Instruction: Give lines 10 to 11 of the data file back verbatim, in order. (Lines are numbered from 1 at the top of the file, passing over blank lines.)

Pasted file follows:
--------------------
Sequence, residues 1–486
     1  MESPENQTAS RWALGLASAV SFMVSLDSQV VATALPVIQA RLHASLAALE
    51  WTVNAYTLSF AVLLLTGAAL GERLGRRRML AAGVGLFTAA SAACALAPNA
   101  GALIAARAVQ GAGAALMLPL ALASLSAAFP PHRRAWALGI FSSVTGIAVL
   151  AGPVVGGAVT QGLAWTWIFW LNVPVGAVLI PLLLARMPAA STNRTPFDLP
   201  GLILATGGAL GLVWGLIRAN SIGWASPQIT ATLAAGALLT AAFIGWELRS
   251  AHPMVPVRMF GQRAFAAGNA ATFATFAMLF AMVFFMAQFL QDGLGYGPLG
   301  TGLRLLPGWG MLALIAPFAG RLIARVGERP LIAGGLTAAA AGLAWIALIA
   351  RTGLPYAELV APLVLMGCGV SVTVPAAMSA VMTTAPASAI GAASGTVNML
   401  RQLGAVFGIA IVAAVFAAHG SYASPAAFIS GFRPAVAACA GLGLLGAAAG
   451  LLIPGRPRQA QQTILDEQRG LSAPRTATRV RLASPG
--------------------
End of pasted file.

   401  RQLGAVFGIA IVAAVFAAHG SYASPAAFIS GFRPAVAACA GLGLLGAAAG
   451  LLIPGRPRQA QQTILDEQRG LSAPRTATRV RLASPG